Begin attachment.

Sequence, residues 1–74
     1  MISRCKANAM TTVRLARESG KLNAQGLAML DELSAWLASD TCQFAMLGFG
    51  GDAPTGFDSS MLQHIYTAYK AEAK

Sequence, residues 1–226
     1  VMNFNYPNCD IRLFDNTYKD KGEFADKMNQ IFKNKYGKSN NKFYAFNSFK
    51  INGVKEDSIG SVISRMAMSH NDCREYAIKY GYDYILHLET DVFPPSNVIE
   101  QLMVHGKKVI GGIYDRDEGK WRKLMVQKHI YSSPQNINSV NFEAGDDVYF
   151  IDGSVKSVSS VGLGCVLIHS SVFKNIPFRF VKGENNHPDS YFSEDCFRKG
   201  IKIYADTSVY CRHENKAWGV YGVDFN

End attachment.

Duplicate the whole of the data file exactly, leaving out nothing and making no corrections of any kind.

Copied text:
Sequence, residues 1–74
     1  MISRCKANAM TTVRLARESG KLNAQGLAML DELSAWLASD TCQFAMLGFG
    51  GDAPTGFDSS MLQHIYTAYK AEAK

Sequence, residues 1–226
     1  VMNFNYPNCD IRLFDNTYKD KGEFADKMNQ IFKNKYGKSN NKFYAFNSFK
    51  INGVKEDSIG SVISRMAMSH NDCREYAIKY GYDYILHLET DVFPPSNVIE
   101  QLMVHGKKVI GGIYDRDEGK WRKLMVQKHI YSSPQNINSV NFEAGDDVYF
   151  IDGSVKSVSS VGLGCVLIHS SVFKNIPFRF VKGENNHPDS YFSEDCFRKG
   201  IKIYADTSVY CRHENKAWGV YGVDFN